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Why Calories Matter for Hardgainers

By Serene Wilken on Sep 30, 2020 10:00:00 AM
6 Minutes Reading Time

What is a Hardgainer?

Building muscle is hard for nearly everyone due to the consistency and effort it takes in the gym, as well as maintaining a controlled diet designed to support your hard work. But for some of us, this process seems harder when we don't see returns, no matter how much we eat or train.

In this case, the term hardgainer refers to someone who can eat in a caloric surplus and trains regularly, without seeing any progress in their efforts to build muscle or gain weight. Putting on any mass seems nearly impossible and can be extremely frustrating!

If you find yourself a hardgainer, it could be a variety of reasons. For some, it could be that your training is not based on progressive overloading (1), or your workouts are not consistent due to going too hard in the gym and then missing days because more recovery is needed. For others, it might be that your nutrition isn't balanced, and you lack enough protein to build and maintain muscle. More commonly, you are not eating enough total calories, so your body doesn't have the energy to make lasting changes and grow with a proper weightlifting program.

Any of these reasons can make it an uphill battle towards putting on the muscle you want, unless you start making some changes. Even though most hardgainers feel that they eat a lot, but after tracking what they eat daily they can see the missing link. Typically, hardgainer diets lack total number of daily calories which explains why their bodies have not changed. It is wise to understand why what you eat and what you burn, aka energy balance, is important.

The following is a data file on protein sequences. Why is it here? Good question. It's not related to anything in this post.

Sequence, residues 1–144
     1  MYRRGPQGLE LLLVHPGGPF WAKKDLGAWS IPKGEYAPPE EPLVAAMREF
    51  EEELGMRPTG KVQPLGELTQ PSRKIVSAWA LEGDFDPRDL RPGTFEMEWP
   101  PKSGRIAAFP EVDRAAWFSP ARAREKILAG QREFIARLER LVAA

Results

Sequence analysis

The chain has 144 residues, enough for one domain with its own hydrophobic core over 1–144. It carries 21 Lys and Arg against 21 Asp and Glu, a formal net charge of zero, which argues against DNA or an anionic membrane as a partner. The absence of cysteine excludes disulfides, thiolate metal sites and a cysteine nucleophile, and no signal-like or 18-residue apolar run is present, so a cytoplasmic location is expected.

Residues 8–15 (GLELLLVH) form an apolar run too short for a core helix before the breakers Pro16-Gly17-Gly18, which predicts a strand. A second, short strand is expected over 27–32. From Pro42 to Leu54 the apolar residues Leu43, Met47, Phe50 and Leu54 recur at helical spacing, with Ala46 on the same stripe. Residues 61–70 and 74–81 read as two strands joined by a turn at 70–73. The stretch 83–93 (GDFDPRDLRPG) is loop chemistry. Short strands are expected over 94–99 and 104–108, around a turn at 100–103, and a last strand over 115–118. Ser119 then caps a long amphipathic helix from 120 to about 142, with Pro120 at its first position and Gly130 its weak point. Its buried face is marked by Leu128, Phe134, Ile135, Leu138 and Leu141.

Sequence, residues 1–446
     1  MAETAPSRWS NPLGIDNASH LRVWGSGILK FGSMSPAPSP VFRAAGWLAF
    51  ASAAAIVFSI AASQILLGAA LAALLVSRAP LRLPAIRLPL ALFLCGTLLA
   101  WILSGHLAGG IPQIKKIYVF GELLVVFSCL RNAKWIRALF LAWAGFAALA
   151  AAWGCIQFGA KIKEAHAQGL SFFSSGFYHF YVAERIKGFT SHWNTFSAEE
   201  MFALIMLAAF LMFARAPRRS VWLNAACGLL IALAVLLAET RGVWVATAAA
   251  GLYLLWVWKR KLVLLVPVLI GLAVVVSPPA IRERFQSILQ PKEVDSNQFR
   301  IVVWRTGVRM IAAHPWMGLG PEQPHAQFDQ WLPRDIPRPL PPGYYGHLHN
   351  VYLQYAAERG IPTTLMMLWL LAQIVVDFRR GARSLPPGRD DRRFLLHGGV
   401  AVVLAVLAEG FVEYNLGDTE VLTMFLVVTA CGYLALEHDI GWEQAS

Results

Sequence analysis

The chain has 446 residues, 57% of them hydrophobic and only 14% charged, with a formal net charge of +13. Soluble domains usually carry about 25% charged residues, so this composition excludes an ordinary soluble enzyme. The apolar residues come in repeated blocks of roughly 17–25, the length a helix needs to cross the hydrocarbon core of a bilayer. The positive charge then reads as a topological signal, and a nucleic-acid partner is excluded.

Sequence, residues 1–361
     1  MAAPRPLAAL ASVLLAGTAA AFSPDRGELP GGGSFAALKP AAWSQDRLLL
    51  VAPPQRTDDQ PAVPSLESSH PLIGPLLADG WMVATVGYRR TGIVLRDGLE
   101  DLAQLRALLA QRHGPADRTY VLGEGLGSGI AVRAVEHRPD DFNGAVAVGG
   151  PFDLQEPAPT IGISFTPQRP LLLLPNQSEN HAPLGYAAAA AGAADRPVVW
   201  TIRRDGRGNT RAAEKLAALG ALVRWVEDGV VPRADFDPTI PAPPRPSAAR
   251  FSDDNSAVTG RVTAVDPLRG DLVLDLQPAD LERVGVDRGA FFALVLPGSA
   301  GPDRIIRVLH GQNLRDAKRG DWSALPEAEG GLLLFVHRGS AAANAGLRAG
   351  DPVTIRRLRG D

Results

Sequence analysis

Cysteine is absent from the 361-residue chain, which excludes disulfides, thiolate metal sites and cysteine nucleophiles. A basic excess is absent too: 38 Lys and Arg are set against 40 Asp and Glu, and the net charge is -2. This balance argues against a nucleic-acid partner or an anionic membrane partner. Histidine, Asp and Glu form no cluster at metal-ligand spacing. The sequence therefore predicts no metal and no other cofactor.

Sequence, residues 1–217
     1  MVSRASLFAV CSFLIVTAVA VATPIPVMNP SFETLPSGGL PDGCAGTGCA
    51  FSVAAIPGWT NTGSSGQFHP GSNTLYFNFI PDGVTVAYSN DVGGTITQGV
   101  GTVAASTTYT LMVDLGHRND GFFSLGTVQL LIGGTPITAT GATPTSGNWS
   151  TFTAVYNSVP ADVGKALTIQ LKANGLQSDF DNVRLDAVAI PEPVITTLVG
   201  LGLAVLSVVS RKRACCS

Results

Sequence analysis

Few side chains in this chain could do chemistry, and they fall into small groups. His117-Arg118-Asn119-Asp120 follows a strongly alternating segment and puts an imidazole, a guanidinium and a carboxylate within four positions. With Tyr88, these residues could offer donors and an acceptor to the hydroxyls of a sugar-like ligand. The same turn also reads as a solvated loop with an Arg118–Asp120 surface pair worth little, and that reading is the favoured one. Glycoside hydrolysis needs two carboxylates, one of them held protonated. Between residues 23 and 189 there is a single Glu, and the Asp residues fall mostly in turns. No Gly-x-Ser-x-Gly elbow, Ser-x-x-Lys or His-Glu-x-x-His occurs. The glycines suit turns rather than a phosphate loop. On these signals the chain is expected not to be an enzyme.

Why calories matter?

With any fitness goal in mind, it's essential to understand what types of calories you are consuming to get you closer to your goal. Sourcing your calories from whole natural foods first, is always a sure way to maintain proper nutrition and on the road to building muscle.

Maintaining a diet high in protein and carbohydrates provides your body with energy. When in an energy surplus, you can grow muscle with the right compound weightlifting routine. Studies show that for building muscle, keeping your protein target of approximately 0.7- 1 gram per pound of bodyweight spread throughout the day (2) is ideal.

What is often marketed for gaining weight faster for hardgainers is processed meal replacements, full of unnecessary ingredients, as well as junk food. Eating processed foods for extra calories is not the answer and will not help you towards your goal of putting on muscle in the long run. This pattern can lead to nutritionally under-eating nutrient-dense foods.

After a while, you might notice weight gain, but your body composition may not be stronger or more muscular. Instead, you have gained fat which can risk your health in the long term. Carrying around too much fat on your body can hinder your muscle gains by lowering your testosterone levels, as well as reducing your insulin sensitivity, which creates another uphill battle towards building muscle (3).

Can't meet your calorie goal?

But what happens when you have eaten all the whole food sources, and you still have calories to consume, but you're experiencing palate fatigue, and you can't eat anymore? Your perfectly balanced meals of chicken, rice, and vegetables are just too hard to swallow, and your body just won't do it!